Feb 20, 2014

Sinodinos’ FOFA repeal looking shaky as critics multiply

What looked in January like a sneaky win for the big banks on financial advice has turned messy for Arthur Sinodinos as more critics of his gutting of the Future of Financial Advice reforms emerge.

Bernard Keane — Politics editor

Bernard Keane

Politics editor

While Assistant Treasurer Arthur Sinodinos is hanging tough, the fate of his effort to gut the Future of Financial Advice consumer protections looks increasingly precarious as opposition mounts, including from some unexpected quarters.

Sinodinos’ strategy was to try to do as much as possible by regulation rather than legislation and sneak a package out over summer in the hope that it would garner as little attention as possible. Until recently, the strategy seemed to be working, with only the financial press and independent outlets like Crikey focusing on what amounted to a bank cartel heist of client retirement savings. But a fortnight ago, journalists at The Australian Financial Review began pointing out the huge problems with Sinodinos’ plan, in particular the de facto restoration of commissions via what are called volume rebates, whereby planners are given a “rebate” to reflect the economies of scale that come from directing large numbers of clients into particular products.

Free Trial

Proudly annoying those in power since 2000.

Sign up for a FREE 21-day trial to keep reading and get the best of Crikey straight to your inbox

By starting a free trial, you agree to accept Crikey’s terms and conditions


Leave a comment

26 thoughts on “Sinodinos’ FOFA repeal looking shaky as critics multiply

  1. Jimmy

    Anything that removes the requirement for the planner to act in the best interest of his clients and the conflict of interest provisions is clearly flawed.

  2. rossmcg

    Fancy Sinodinis trying something sneaky. He was JW Howard’s right hand man when sneakiness was a Tory trademark. And lazy as well, too lazy to check his files before filling in his members interests form for the Senate where he forgot to mention seven company directorships. Seven. And we might see how forgetful he is if he has to front up at ICAC and talk about he didn’t really know the Obeids. Interesting days ahead for Uncle Arthur.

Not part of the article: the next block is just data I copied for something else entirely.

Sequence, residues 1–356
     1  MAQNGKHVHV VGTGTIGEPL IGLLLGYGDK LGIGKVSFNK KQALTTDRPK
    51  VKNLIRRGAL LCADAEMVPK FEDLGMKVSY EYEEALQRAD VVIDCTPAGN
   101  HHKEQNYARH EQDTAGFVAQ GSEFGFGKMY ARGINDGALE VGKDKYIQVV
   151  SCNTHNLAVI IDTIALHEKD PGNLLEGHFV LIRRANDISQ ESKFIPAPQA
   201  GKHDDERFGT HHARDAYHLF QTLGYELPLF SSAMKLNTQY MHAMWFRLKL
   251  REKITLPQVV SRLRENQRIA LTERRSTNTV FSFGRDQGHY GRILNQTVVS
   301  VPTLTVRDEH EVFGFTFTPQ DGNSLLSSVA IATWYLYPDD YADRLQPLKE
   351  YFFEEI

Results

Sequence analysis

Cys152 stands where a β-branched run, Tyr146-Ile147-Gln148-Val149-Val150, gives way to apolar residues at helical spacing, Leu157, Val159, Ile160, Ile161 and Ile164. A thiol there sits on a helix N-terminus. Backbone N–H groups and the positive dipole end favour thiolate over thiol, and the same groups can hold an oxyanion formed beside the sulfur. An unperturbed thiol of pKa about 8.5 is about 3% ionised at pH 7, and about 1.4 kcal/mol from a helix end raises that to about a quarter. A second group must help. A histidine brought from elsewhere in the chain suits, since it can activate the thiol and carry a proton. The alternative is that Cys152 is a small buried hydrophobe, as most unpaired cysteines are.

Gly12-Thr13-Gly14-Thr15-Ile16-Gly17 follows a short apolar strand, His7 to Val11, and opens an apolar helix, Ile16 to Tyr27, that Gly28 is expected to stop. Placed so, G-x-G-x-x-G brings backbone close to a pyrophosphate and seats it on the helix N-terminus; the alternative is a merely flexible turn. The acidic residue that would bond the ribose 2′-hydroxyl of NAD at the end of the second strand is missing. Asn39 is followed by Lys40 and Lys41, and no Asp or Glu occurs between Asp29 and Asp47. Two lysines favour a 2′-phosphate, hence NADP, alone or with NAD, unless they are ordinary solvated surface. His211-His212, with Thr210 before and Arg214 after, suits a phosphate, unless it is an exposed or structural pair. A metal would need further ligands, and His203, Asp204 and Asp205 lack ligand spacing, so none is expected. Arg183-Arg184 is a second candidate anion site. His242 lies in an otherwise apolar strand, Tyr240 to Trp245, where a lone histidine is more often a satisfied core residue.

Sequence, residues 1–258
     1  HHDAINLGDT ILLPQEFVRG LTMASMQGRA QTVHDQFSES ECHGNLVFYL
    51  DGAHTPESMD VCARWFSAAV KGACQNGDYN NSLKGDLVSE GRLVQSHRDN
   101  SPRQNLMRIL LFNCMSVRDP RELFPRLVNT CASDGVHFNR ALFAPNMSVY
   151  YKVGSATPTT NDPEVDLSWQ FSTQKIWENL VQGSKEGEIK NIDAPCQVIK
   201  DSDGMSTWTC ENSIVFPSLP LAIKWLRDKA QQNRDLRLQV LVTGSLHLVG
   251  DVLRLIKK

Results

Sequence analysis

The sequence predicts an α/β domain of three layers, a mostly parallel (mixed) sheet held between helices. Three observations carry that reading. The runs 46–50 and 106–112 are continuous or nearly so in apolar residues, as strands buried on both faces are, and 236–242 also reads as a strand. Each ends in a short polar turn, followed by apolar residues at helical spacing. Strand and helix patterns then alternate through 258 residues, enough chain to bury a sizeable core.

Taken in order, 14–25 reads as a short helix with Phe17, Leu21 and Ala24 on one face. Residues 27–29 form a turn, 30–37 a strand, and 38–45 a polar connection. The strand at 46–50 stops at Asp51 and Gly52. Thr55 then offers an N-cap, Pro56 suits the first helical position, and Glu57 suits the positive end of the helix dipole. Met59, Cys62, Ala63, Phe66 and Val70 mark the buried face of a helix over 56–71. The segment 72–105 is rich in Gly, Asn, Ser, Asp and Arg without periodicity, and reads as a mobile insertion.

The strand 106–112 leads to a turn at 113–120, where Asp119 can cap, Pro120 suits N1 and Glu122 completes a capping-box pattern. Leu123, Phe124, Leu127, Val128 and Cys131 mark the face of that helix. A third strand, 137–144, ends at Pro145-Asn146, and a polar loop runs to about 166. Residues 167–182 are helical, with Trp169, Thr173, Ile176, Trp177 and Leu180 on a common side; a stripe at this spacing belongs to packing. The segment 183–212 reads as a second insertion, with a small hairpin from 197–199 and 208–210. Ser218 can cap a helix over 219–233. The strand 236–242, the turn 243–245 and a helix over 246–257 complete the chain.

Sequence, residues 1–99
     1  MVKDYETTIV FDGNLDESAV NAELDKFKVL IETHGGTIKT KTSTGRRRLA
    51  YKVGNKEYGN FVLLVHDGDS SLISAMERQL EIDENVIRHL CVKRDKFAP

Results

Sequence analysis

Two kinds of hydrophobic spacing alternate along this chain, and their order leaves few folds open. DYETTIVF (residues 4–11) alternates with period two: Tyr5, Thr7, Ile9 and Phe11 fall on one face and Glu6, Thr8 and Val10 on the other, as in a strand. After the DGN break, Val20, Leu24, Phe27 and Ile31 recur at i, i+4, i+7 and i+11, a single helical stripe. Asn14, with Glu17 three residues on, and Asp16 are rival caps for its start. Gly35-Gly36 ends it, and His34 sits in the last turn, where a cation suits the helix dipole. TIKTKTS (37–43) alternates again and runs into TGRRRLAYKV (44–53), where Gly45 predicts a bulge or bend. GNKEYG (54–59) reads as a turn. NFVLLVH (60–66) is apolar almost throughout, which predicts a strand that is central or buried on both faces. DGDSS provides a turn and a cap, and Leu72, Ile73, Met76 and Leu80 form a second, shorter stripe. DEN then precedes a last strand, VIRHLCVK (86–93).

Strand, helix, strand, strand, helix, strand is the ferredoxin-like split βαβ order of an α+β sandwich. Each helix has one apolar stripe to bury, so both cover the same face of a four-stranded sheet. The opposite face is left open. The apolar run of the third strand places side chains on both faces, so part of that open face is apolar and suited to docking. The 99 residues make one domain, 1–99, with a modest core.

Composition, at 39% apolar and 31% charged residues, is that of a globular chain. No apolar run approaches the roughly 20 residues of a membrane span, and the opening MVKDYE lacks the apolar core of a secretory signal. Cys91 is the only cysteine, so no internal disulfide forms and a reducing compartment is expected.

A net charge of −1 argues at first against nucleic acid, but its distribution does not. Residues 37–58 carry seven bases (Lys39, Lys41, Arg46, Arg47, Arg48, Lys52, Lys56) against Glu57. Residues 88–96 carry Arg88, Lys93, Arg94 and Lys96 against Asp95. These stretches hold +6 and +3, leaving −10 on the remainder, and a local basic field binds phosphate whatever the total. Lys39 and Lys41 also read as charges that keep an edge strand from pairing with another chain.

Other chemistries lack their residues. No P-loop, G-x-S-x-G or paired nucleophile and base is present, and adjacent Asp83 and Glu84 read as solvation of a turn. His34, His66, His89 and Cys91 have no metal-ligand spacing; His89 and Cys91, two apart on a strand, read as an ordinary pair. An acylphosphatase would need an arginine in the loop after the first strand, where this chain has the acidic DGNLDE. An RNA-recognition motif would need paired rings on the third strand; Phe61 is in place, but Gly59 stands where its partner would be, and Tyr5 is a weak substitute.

3. zut alors

    The motivation for these regulatory changes is highly suspicious if not downright blatant.

    Neither Sinodinos nor Cormann has provided a logical argument for their cause. To undermine the Act is of no benefit to the wider community…so, why do it?

  4. klewso

    Bugger poor Arfa. How’s he going to face those lobbyists if he can’t deliver?

  5. klewso

    It’s the free ride he gets from even the balanced media that gets me – as if they don’t remember what he was advising Howard to do?
    As if selective amnesia is an asset in their job?
    “Mean & Tricky – Attorney’s at Lore”?

  6. Brian Williams

    Having spent many years in my previous working life at the pointy end of the finance game, the idea that Joe Public does not need the original FOFA reforms is fanciful.

    Even seasoned professionals in other fields are often only obliquely aware of the commissions rort that has been taking place in this sector for years. Some people believe that tax is legalised theft. The commissions structure that Sinodinos wants to keep in place for his mates is far worse.

  7. Thomas McLoughlin

    10 trillion dollars of value destroyed in the age of Greenspan’s light touch regulation via the GFC according to Stiglitz.

    Hello reality, meet free market ideology.

  8. bjb

    rossmcg – said exactly what I would have !

    “Instead, Sinodinos has taken the lazy, sneaky route” – I wouldn’t worry too much about Sinodinos’ future prospects Bernard – he’s the very model of a Liberal politician.

  9. Jimmyhaz


    I think this government dropped the pretense of acting in the communities best interests the moment it was elected.

    After all, the community didn’t pay for their election campaign.

  10. Liamj

    “If Sinodinos were trying to deliver this reform properly, he’d .. negotiate, consult and compromise”

    Hmm, can anyone name ANY policy area where the LNP is doing this? Tony & Barnabys drought photo-op doesn’t count, neither do the predetermined reviews on wind power & renewables target.
    And theres definately nothing in the IPAs marching orders on ‘negotiate, consult and compromise’.. so all dissenters must be godless communists, even the ones at the Fin Review. Shutup or its Manus for you all!

Share this article with a friend

Just fill out the fields below and we'll send your friend a link to this article along with a message from you.

Your details

Your friend's details